Rødgrød

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Rødgrød
Rote Grütze mit Vanillesoße.JPG
Place of originDenmark and Germany
Main ingredientsPotato starch, red summer berries, black cherries, sugar

Rødgrød (Danish: [ˈʁœðˀɡʁœðˀ] (About this soundlisten)), Rote Grütze (German: [ˈʁoːtə ˈɡʁʏtsə] (About this soundlisten)), or Rode Grütt (Low German: [ˈroʊdə ˈɡrʏt] (About this soundlisten)), meaning "red groats", is a sweet fruit dish from Denmark and Northern Germany. The name of the dish in Danish features many of the elements that make Danish pronunciation difficult for non-native speakers, so [rødgrød med fløde] (About this soundlisten ), literally "red groats with cream", is a commonly used shibboleth since the early 1900s.[1][2]

Traditional preparation[edit]

German Rote Grütze (″Hamburg style″ with vanilla sauce)

Rødgrød or Rote Grütze was traditionally made of groat or grit, as revealed by the second component of the name in Danish, German, or Low German.[3][4]

Semolina and sago are used in some family recipes; potato starch is today the standard choice to achieve a creamy to pudding-like starch gelatinization. The essential ingredients that justify the adjective are red summer berries such as redcurrant, blackcurrant, raspberries, strawberries, blackberries, bilberries and stoned black cherries.[5] The essential flavour can be achieved with redcurrant alone; a small amount of blackcurrant will add variety; sugar is used to intensify the flavour. The amounts of starch, sago, semolina differ with the solidity desired; 20 to 60 grams on a kilogram or liter of the recipe are usual; sago, groat or grit have to soak before they can be used.[5]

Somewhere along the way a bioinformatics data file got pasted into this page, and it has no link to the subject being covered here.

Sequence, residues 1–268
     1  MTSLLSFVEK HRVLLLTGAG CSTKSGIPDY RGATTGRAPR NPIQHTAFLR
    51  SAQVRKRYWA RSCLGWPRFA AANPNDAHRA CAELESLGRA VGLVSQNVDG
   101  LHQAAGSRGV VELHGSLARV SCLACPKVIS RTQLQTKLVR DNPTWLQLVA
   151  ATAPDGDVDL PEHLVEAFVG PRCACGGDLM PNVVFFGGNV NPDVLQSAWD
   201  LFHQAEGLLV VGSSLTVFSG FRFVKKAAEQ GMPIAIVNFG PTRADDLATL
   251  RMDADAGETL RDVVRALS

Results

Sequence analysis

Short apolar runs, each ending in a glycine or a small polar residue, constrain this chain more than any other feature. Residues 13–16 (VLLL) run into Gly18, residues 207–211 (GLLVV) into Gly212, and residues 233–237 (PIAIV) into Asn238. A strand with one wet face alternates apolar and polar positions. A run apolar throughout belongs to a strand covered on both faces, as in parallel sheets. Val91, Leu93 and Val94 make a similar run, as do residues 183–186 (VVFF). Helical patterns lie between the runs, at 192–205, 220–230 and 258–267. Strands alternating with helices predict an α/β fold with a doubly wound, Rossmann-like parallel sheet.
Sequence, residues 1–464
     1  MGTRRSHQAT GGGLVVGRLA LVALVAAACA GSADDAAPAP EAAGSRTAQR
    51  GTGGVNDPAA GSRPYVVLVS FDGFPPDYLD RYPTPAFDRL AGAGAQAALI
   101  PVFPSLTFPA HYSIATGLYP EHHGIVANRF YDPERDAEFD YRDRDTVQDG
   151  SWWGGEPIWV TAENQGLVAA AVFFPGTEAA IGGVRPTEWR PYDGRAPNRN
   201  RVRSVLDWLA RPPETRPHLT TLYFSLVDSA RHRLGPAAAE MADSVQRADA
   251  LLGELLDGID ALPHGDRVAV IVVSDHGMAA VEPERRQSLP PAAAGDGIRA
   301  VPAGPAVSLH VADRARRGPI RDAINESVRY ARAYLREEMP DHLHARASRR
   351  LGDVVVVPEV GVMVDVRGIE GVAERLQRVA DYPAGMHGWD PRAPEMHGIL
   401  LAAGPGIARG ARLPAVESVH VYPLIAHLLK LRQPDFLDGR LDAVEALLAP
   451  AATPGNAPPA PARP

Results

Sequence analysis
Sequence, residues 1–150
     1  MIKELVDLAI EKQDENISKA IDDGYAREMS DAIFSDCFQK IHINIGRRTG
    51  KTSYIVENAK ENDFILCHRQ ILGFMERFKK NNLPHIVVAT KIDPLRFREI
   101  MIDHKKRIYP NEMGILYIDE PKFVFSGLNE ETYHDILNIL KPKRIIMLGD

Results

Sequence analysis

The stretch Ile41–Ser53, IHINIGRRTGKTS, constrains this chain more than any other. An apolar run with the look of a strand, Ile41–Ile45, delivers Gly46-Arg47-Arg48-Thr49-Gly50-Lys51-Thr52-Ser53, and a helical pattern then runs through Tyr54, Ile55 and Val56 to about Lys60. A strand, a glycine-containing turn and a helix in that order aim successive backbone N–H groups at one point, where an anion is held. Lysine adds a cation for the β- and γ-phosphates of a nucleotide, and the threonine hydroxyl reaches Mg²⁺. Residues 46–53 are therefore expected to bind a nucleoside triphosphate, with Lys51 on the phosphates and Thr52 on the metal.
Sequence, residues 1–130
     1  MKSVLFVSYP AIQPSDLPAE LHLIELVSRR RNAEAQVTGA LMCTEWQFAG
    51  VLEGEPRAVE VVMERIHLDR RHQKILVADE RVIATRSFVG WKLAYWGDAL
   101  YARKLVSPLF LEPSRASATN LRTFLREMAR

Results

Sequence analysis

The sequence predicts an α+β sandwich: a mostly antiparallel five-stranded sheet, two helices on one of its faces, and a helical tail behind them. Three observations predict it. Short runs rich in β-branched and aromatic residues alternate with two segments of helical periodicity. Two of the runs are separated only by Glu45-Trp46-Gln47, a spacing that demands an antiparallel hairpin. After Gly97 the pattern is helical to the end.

The preparation is basically that of a pudding: The fruits are cooked briefly with sugar. The mass should cool down for a moment so that the starch—dissolved in fruit juice or water—can be stirred into it without clumping. A second cooking process of one to two minutes is needed to start the gelatinization; remaining streaks of white starch have to clear up in this process.[5]

Rødgrød or Rote Grütze is served hot or cold as a dessert with milk, a mixture of milk and vanilla sugar, vanilla sauce, (whipped) cream, vanilla ice cream, or custard to balance the refreshing taste of the fruit acids.[6]

Variants[edit]

Grønnegrød with vanilla ice cream (supermarket product of Denmark)

There are several modern variants of Rødgrød, sold basically in German supermarkets: Grüne Grütze, the green variant, is made from gooseberries and rhubarb in combination with kiwifruit and apples. In Denmark, a similar dish is known as stikkelsbærgrød (gooseberry jelly).[7] To make Blaue Grütze, the blue variant, blackberries, blueberries, plums, blackcurrant, and grapes are usually used. Gelbe Grütze consists of peaches, yellow gooseberries, bananas, gold kiwifruit, or other yellow fruits.

In Poland, parts of Russia, the Baltic states, Finland, and Ukraine, Kissel is known as a dessert similar to Rødgrød.[8]

See also[edit]

References[edit]

  1. ^ Notes and Queries, April 4th, 1903, Volume XI, "Rödgröt med Flöde" on page 269.
  2. ^ Brian Lennon: Passwords: Philology, Security, Authentication. Section on "rødgrød med fløde." Harvard University Press, 2018. ISBN 978-0674980761.
  3. ^ Dictionary entry "Grütze"
  4. ^ Dictionary entry "Grütt"
  5. ^ a b c Darra Goldstein: Fire and Ice: Classic Nordic Cooking, Ten Speed Press, 2015. ISBN 978-1607746102.
  6. ^ Johann Lafer; Johann Lafer - Das Beste: Die besten Rezepte aus über 40 Jahren Küchenpraxis, page 375, Gräfe und Unzer, 2017. ISBN 978-3833864100.
  7. ^ Carol Gold: Danish Cookbooks: Domesticity & National Identity, 1616-1901, Seattle, University of Washington Press, 2007. ISBN 978-0295986821.
  8. ^ Peter Vatrooshkin: Easier Than a Steamed Turnip: Simple and Delicious Meatless Russian Recipes, Plutagora, 2012, page 103.

External links[edit]